America Tonight: New lethal-injection drugs raise new health, oversight questions

Inmates Michael Yowell and William Happ were on death row for more than 40 years combined. In Texas, Yowell shot his father, strangled his mother with a cord and burned their house to the ground in May 1998. In Florida, Happ kidnapped a 21-year-old girl, beating, raping and strangling her on Memorial Day weekend in 1986.

Before this month, Yowell and Happ were only connected by their lives as death-row inmates. Now, they will be connected in their deaths, both executed with controversial new drugs.

Texas and Florida are two states that can no longer use pentobarbital, the drug that 16 states have relied on in the last four years. Last week, Yowell was the first inmate in Texas to be executed with the compounded version of pentobarbital, a version of the drug that is not subject to federal oversight. On Tuesday in Florida, Happ will be the first inmate in the U.S. to be put to death using midazolam hydrochloride, a sedative that hasn’t been tested in executions.

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Photo: AP Photo/Ric Feld, File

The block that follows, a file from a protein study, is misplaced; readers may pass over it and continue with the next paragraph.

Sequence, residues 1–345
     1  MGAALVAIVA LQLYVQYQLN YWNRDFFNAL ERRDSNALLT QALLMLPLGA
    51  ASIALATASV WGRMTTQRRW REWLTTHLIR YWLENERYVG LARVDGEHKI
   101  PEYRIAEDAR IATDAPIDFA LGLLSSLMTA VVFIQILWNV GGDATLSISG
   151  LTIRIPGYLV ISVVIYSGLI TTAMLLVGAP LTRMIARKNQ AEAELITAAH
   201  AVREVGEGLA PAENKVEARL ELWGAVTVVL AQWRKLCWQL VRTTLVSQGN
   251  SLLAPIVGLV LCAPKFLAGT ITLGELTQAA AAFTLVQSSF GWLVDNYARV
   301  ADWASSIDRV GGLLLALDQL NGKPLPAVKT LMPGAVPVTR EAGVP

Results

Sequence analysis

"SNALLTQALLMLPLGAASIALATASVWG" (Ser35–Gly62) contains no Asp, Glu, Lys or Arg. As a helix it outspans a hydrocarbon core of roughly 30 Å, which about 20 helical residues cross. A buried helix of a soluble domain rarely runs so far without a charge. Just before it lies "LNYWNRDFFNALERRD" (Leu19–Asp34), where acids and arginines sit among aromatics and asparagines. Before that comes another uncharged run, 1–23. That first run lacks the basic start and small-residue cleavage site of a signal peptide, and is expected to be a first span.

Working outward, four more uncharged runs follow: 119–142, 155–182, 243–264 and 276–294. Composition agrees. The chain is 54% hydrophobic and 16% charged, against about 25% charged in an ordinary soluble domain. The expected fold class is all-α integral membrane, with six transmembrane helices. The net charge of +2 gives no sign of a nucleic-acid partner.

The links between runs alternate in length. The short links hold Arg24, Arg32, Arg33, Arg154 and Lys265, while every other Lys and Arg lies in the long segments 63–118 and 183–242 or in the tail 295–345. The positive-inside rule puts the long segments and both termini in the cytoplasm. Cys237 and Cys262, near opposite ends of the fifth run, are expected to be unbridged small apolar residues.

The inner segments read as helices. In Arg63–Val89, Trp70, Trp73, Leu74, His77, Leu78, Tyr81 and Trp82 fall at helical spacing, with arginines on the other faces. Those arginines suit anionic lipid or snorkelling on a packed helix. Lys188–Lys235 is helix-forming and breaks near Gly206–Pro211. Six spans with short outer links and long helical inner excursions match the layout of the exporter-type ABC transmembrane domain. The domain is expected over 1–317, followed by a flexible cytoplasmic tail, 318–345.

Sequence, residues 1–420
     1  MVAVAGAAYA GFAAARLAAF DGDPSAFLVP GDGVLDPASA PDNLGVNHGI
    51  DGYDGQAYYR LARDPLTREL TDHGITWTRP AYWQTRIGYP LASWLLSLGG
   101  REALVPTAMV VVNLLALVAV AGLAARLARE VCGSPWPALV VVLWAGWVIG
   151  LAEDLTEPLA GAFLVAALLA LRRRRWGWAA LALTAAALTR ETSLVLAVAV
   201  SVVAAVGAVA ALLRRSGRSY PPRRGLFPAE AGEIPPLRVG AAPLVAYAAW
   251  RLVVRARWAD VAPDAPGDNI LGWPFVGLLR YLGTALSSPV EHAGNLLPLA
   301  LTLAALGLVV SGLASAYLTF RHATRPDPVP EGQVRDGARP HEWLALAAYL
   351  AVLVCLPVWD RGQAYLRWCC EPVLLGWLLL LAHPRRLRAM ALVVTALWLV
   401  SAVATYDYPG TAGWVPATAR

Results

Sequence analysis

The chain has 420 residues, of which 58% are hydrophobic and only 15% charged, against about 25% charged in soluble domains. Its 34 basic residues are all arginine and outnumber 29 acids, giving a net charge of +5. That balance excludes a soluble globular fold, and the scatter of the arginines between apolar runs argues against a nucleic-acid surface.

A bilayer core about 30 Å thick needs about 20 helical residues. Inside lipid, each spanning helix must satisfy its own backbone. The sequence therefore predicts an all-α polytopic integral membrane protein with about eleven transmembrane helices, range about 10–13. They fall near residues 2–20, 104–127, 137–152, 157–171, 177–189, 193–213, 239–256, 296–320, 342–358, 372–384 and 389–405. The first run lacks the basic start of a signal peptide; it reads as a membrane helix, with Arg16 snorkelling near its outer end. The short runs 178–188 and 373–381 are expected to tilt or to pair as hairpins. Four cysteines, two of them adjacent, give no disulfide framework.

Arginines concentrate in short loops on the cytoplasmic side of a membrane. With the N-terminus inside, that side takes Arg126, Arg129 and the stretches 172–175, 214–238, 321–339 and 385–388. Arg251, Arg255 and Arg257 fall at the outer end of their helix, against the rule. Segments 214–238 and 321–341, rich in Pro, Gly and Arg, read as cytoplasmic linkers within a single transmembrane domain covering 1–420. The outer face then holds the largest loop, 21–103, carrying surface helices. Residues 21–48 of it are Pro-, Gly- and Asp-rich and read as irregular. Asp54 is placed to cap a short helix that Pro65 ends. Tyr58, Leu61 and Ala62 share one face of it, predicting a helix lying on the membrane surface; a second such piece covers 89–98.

America Tonight presents a four-part investigative series about Fukushima’s continuing fallout.

Nearly three years since the Fukushima disaster, questions remain unanswered about the impact of radiation leaks on both people and the environment. Tune in to America Tonight at 9ET/6PT for an exclusive investigative series on the efforts to recover in Fukushima.

Read more on the special report: http://alj.am/19zsnwM

What would it take to improve America’s troubled education system? All next week, “America Tonight” examines five different sides of the battle for better ed…

What does it take to improve America’s education system? Soledad O’Brien joins America Tonight to take an in-depth look at the battle for better education this week at 9ET/6PT. For more: http://bit.ly/KnRMh2

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